Mondelez International Inc (NASDAQ:MDLZ) Should Be on Your Radar Going Forward
Earlier this month, Investment U dividends expert Marc Lichtenfeld told you why to avoid Kraft Foods Group (Nasdaq:KRFT) after the news that it was splitting with its international business unit, Mondelez International (Nasdaq:MDLZ). Today, Iâ€™m going to make the case for investing in Mondelezâ€¦
Hereâ€™s the gist of the announcement, in case you missed it:
Kraft Foods, the worldâ€™s second-largest food company, recently completed its plans to spin-off its mature North American grocery business. With annual revenue of $54.4 billion in 2011, Kraft announced its plans to split into two publicly traded companies in August of last year. If you owned a share of KFT now, with the split youâ€™ll get one share in the new business for every three you previously held.
Hereâ€™s the skinny on the dealâ€¦
When the company announced last summer that it would split into two entities, the reason was to give a better value to its stockholders. It was evident that there were two distinct companies within Kraft. There was the mature North American grocery business and a global snack-food aspect.
Kraft Foods Group is the North American business and it has many popular long-standing brands like Oscar Mayer, Kool-Aid, Velveeta and Planters. The new snack-food business is now known as Mondelez International. MDLZ possesses all the dental nightmares that include high-growth products Cadbury, Oreos and Chips Ahoy.
Kraft Foods Group intends on paying out a $2 annual dividend, which would result in a yield of 4.3%. That, for the moment, is attractive because itâ€™s better than the 3% or 4% you would get from some of its popular food stock peers.
But as Marc wrote earlier this month, donâ€™t chase the fat dividend from KRFT:
â€œThe companyâ€™s payout ratio will be 79% in 2012 and 74.4% in 2013, too high to be considered safe or likely to be raised â€“ especially if the companyâ€™s brands donâ€™t get revived and earnings disappoint. The payout ratio is the percentage of earnings that are paid out in dividends. I like to se a payout ratio below 75% to feel comfortable that the dividend is safe and will probably increase.
â€œAnd with corn and other commodity prices sharply higher this year due to the drought in the Midwest, Kraftâ€™s raw materials costs should be higher, which will squeeze margins if itâ€™s unable to pass those increases on to the consumer.â€
Why Mondelez Should Be on Your Radar Going Forward
Mondelez International, on the other hand, seeks growth overseasâ€¦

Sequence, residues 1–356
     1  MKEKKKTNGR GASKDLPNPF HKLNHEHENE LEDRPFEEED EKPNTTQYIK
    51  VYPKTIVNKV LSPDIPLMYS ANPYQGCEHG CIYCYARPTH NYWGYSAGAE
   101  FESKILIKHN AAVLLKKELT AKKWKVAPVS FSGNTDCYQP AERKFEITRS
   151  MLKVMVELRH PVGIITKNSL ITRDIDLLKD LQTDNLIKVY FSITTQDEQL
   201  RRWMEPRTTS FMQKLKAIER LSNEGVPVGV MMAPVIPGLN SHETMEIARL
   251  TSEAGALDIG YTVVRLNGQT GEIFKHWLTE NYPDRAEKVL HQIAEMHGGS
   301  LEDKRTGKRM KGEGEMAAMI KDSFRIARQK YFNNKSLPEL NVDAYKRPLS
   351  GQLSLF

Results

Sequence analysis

Mondelez shares are trading around $28. Itâ€™s a different animal from its mature market sibling, Kraft. In my best estimation, the company should experience higher earnings growth while trading at a similar P/E ratio. Because of where they are in the business cycle, you arenâ€™t going to get the same high dividend as KRFT.
- But the following reasons are why Mondelez should be in your radar going forward:
Think about high growth potential. Mondelez gets 44% of its revenue from what we would categorize as emerging markets. Thereâ€™s also a belief in the market that Mondelez may become a credible alternative to Coca-Cola (NYSE: KO) and Colgate (NYSE: CL) in the developing world.
- Mondelez has 75% of its revenue tied to the fastest-growing products in packaged food such as gum, candy, chocolate and biscuits. Plus, the company will either have top or second market share in all of these categories.
- Credit Suisse analyst Robert Moskow places an â€œoutperformâ€ rating and a $31 price target. He has stated that we should see â€œsignificant earnings growthâ€ in two years with about $1.80 profit per share.
- Joe Cornell, principal at Chicago-based Spin-Off Research, states, â€œInternationally, we expect developing markets to drive maximum growth for Mondelez going forward. We expect developing markets to deliver double-digit revenue growth over the long term.â€
The market pundits have rendered their decision on the split. As the above evidence suggests, Mondelez seems like the stock with all the growth potential, and thatâ€™s due to the growing demand of the â€œsweet toothâ€ in both Asia and South America.